1. Every time you mention Garcetti I check to see whether the appeal in Hong v. Grant has been decided.  I don’t know what’s keeping the Ninth Circuit – it’s been three years.

    In the meantime, have you seen Adams v. UNCWilmington, decided in March?  In it, a moderately shitty associate professor was passed over for promotion to full professor> He sued, claiming it was because of his newly acquired conservative Christian beliefs.  He’d written prolific assholery in a column on Townhall.com, and included copies in his file.  He claimed that by considering the on-line posts the committee had violated his First Amendment rights. The court cited Garcetti in dismissing his claim.  He’s now something of a wingnut cause celebre.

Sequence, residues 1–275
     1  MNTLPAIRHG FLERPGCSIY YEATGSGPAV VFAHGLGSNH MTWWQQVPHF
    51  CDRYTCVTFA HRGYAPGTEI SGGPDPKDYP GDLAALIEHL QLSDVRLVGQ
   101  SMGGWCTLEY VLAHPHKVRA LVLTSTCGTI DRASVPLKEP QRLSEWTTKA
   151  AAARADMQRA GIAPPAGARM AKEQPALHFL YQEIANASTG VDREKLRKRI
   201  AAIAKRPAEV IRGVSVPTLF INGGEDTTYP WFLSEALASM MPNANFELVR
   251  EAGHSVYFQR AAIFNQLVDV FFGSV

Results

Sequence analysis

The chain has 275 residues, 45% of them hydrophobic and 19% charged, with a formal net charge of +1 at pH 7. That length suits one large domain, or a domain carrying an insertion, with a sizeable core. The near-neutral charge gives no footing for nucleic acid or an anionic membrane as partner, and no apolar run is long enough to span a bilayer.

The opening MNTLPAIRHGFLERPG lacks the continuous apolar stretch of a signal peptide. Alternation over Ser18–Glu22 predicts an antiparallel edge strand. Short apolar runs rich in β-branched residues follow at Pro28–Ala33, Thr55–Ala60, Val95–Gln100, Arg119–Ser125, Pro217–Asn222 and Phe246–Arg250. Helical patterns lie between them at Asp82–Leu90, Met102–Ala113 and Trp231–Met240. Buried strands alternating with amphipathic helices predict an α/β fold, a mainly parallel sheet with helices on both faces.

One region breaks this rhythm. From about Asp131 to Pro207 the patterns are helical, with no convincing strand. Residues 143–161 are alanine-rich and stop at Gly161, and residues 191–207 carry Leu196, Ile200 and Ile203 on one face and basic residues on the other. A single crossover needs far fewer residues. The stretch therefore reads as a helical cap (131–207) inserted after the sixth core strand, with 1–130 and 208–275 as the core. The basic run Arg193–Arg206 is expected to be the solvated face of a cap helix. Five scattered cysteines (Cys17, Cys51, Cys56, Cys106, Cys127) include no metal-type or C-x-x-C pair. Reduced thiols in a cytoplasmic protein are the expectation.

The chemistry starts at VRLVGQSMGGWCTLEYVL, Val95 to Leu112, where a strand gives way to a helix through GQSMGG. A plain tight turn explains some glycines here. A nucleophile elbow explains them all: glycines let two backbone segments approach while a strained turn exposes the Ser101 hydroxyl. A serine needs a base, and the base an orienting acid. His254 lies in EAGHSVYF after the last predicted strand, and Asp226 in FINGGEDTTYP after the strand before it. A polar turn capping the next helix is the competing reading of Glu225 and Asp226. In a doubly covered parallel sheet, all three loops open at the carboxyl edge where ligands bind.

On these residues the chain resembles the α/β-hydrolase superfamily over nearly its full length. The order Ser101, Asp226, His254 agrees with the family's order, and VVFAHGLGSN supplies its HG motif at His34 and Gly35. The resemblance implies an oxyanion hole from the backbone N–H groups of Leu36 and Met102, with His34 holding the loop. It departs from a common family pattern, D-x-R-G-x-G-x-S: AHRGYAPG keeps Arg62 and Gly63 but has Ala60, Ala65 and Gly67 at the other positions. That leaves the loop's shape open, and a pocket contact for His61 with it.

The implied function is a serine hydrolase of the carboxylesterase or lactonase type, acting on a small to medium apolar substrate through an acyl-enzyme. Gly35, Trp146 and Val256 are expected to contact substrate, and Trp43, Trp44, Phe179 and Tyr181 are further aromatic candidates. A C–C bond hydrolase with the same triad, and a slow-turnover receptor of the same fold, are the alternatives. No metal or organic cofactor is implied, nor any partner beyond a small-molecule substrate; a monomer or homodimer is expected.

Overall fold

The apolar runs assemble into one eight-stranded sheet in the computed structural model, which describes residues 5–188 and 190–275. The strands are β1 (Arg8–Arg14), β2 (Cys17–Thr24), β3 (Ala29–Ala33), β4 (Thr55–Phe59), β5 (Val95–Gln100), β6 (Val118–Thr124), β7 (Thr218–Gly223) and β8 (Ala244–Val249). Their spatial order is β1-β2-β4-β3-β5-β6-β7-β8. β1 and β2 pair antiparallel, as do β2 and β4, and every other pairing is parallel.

I think the court got it right, myself.  Isn’t part of academic freedom the freedom of academics to be self-governing?  And doesn’t that mean that judges and juries shouldn’t be second-guessing faculty promotion decisions?  Suppose UNCWilmington had faced the expense and disruption of a full trial, and what the outcome might have been if the issue had been presented to a North Carolina jury.  The school would likely not have risked it - more likely they would have promoted Adams and told the committee to be more careful next time.  Would that have been a victory for academic freedom?

    But it’s an interesting question whether under the First Amendment the committee could have considered the Townhall posts if Adams hadn’t officially presented them for the committee’s review.

    The opinion is here:

    Posted by  on  06/11  at  06:02 PM